Due to the on-off nature of checkboxes, the checkbox is considered a toggle button, with many developers and designers expanding on the default checkbox styling to create buttons that look like toggle switches. You can see an example in action here (also see the source code).

Radio button

A radio button is created using the <input> element with its type attribute set to the value radio:

<input type="radio" id="soup" name="meal" value="soup" checked />

Several radio buttons can be tied together. If they share the same value for their name attribute, they will be considered to be in the same group of buttons. Only one button in a given group may be checked at a time; this means that when one of them is checked all the others automatically get unchecked. When the form is sent, only the value of the checked radio button is sent. If none of them are checked, the whole pool of radio buttons is considered to be in an unknown state and no value is sent with the form. Once one of the radio buttons in a same-named group of buttons is checked, it is not possible for the user to uncheck all the buttons without resetting the form.

  <legend>What is your favorite meal?</legend>
      <label for="soup">Soup</label>
      <input type="radio" id="soup" name="meal" value="soup" checked />
      <label for="curry">Curry</label>
      <input type="radio" id="curry" name="meal" value="curry" />
      <label for="pizza">Pizza</label>
      <input type="radio" id="pizza" name="meal" value="pizza" />

The following screenshot shows default and disabled radio buttons in the checked state, along with a focused radio button in the unchecked state.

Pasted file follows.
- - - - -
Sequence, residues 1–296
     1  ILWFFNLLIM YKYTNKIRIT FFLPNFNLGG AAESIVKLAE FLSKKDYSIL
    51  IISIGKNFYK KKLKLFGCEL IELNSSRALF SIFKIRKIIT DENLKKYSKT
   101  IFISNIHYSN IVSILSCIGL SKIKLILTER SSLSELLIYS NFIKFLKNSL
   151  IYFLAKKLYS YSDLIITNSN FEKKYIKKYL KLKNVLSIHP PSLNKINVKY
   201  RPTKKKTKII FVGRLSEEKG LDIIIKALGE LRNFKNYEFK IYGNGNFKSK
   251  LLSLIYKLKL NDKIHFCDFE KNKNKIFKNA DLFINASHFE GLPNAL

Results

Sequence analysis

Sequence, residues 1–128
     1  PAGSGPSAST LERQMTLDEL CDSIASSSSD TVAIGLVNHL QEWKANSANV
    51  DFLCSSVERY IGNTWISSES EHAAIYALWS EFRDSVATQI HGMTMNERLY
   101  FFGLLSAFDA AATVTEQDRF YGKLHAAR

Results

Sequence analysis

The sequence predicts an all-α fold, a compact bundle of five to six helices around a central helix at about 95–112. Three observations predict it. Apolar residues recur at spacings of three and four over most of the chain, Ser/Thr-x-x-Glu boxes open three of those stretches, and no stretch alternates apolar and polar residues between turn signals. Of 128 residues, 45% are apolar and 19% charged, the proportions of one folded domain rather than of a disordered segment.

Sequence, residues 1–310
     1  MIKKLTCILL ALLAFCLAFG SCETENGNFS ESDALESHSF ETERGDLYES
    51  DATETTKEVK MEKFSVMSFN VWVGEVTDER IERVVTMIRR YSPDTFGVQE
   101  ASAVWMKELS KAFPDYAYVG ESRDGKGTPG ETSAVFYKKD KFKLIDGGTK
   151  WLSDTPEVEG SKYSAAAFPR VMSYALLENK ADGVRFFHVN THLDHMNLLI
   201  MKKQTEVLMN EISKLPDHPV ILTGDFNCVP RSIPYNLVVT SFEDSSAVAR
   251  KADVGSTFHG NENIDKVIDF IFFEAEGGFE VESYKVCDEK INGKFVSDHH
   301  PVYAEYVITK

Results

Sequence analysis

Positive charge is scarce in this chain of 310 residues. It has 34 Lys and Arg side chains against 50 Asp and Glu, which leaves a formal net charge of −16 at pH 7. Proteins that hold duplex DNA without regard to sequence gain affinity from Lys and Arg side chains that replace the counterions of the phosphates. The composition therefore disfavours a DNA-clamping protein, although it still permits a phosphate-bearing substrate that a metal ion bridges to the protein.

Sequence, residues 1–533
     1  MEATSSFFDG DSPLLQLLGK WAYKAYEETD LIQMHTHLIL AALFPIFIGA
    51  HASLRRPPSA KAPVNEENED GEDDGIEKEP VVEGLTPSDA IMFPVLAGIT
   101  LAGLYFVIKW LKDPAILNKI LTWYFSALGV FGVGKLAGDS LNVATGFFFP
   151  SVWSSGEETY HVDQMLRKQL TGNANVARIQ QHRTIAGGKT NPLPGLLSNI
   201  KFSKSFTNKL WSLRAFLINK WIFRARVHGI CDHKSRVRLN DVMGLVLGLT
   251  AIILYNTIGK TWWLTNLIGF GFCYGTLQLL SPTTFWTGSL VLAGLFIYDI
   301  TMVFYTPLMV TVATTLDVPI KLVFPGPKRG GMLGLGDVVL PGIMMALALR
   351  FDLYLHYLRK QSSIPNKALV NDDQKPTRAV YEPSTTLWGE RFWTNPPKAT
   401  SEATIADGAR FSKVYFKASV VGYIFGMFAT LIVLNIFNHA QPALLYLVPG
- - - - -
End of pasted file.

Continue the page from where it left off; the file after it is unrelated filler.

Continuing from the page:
Default, focused and disabled Radio buttons in chrome 115 on macOS

Actual buttons

The radio button isn't actually a button, despite its name; let's move on and look at actual buttons! There are three input types that produce buttons:


Sends the form data to the server. For <button> elements, omitting the type attribute (or an invalid value of type) results in a submit button.


Resets all form widgets to their default values.


Buttons that have no automatic effect but can be customized using JavaScript code.

Then we also have the <button> element itself. This can take a type attribute of value submit, reset, or button to mimic the behavior of the three <input> types mentioned above. The main difference between the two is that actual <button> elements are much easier to style.

<input type="submit" value="Submit this form" />
<input type="reset" value="Reset this form" />
<input type="button" value="Do Nothing without JavaScript" />

<button type="submit">Submit this form</button>
<button type="reset">Reset this form</button>
<button type="button">Do Nothing without JavaScript</button>

Note: The image input type also renders as a button. We'll cover that later too.